After the test stations have been adapted successfully the initial tests station validation campaign dedicated to identify remaining differences among the test stations of all partners was started. The current-voltage characteristics of the stacks in SOFC and SOEC operation show a very high reproducibility between the different test laboratories. The OCVs of all partners are almost the same and the voltage curves are very similar. However, in electrolysis operation voltage fluctuations in the jV-curves appear which are caused by instabilities of the steam generating units. The improvement of the steam flow stability is very important in order to accurately determine the area specific resistance (ASR). A clear increase in performance with increase in gas inlet temperature was observed. Hence, the gas inlet temperature is one of the most important test input parameters.

The electrochemical impedance spectra in SOFC mode show uniform results among the partners. Especially in the high-frequency range the spectra are almost similar which indicates a high reproducibility for the determination of the ohmic resistance of the repeat units. In the low frequency range variations of the overall impedances among the partners can be observed, which are due to the high sensitivity of the gas concentration arc on the fuel gas composition. In SOFC mode the total resistances of the EIS spectra correlate very well with the ASRs calculated with the jV-curve which proves a good reproducibility of both methods. In contrast to SOFC, the voltage fluctuations in SOEC mode are crucial in the EIS spectra as they induce high instabilities especially at low frequencies.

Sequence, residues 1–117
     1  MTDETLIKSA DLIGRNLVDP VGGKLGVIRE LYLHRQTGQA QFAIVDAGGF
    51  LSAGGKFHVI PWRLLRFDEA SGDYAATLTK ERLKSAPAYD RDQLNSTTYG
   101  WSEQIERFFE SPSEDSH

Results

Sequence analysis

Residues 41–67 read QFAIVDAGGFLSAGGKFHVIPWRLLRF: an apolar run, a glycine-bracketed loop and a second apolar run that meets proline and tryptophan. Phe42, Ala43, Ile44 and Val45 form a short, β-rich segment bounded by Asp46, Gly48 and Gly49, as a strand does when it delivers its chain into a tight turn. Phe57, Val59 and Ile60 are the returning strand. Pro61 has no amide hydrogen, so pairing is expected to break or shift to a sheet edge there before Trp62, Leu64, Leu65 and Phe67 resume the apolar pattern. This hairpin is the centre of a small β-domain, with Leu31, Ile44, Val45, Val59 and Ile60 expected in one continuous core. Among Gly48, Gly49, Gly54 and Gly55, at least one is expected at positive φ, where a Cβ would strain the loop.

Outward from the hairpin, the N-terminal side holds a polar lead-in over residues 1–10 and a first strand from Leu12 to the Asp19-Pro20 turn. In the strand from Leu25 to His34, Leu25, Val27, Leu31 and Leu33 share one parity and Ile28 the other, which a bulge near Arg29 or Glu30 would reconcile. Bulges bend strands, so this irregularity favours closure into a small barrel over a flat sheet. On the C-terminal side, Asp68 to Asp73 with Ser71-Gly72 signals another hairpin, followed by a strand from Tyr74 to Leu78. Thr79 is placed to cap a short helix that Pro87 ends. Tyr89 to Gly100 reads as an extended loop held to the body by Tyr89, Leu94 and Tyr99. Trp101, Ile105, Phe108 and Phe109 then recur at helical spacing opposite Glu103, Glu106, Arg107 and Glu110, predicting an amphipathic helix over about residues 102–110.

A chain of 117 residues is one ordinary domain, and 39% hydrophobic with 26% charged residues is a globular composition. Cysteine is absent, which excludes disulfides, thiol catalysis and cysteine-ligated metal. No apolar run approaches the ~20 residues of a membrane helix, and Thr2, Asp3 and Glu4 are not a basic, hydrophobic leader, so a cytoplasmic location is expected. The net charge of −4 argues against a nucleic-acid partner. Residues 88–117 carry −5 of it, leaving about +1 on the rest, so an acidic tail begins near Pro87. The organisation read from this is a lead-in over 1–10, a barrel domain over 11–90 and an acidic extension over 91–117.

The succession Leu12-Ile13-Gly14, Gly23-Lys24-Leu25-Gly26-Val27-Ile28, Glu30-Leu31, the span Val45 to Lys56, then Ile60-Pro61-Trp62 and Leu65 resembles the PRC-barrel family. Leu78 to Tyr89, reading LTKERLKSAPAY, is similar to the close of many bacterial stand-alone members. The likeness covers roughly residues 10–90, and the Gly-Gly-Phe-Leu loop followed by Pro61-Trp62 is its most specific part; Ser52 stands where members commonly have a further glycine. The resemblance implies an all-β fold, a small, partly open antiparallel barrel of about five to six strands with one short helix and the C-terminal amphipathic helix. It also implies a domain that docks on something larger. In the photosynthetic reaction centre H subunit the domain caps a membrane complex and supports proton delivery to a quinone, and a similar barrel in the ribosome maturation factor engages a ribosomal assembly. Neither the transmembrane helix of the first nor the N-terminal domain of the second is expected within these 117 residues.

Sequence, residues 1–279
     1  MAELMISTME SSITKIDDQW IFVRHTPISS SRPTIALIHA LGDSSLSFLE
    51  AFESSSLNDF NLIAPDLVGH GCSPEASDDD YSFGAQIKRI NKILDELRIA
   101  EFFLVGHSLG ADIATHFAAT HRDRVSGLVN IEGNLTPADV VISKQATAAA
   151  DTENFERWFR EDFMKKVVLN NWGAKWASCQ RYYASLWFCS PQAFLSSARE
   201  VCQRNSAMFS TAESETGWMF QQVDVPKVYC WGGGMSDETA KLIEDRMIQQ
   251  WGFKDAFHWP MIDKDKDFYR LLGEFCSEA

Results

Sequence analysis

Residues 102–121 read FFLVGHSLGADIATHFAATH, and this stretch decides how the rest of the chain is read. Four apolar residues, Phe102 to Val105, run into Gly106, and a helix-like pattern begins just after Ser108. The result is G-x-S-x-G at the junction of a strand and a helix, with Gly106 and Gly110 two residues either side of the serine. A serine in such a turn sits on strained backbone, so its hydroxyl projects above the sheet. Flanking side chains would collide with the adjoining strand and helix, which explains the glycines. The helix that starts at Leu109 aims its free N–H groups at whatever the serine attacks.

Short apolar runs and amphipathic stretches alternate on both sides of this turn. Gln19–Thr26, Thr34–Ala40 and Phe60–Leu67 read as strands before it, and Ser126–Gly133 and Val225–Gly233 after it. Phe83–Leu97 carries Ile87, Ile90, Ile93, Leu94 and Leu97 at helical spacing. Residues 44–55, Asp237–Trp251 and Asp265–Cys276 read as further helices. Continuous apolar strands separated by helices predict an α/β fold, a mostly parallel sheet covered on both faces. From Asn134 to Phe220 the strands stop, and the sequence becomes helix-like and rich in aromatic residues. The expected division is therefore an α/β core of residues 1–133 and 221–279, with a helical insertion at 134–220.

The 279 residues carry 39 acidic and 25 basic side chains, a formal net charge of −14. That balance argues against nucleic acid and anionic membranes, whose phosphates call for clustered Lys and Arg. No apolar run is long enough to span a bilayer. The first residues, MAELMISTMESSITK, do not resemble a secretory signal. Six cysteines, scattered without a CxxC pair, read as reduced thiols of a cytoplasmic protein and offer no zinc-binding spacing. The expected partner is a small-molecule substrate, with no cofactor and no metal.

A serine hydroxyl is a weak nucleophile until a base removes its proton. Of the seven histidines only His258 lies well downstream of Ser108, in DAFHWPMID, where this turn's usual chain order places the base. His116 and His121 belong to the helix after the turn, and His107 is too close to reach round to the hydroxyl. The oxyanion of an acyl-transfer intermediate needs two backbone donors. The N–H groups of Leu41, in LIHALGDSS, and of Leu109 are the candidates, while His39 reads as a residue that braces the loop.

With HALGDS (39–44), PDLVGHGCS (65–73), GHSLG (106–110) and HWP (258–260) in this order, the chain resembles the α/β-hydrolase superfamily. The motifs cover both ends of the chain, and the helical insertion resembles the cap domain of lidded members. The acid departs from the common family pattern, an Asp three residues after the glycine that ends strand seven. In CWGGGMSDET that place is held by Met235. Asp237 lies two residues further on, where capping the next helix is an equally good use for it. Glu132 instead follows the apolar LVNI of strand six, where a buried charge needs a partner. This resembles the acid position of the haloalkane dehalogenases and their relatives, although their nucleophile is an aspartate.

The operations under constant current in SOFC and SOEC mode show different trends among the partners, resulting in different degradation rates. All test stations of the partners are able to follow the planned set points for reversible SOFC/SOEC operation and to perform switching between the operation modes within the specified 2 hours period.

Potential Impact:
The ultimate objective of the project is to come up at the end with test procedures that are not only validated inside the laboratory, but are already shaped towards the requirements of regulations codes and standards (RCS) as well as industrial productivity and reliability. The test procedures should incorporate the inputs from both entities and should foster worldwide discussion and awareness of the topic. In this way the maximum exploitation of the project outcome can be achieved. Therefore, the broad dissemination of the project results, the interaction with relevant industrial stakeholders and the liaison with standards developing organizations (SDO) are important issues in the project.

In order to create awareness of the hydrogen and fuel cell activities and to disseminate the project activities and results for interested parties the SOCTESQA project was intensively promoted with different items, e.g. the project website, posters at high-profile conferences, project newsletters and a project flyer. Moreover, interaction with other European funded projects was established by participating and exchanging of the results at project meetings.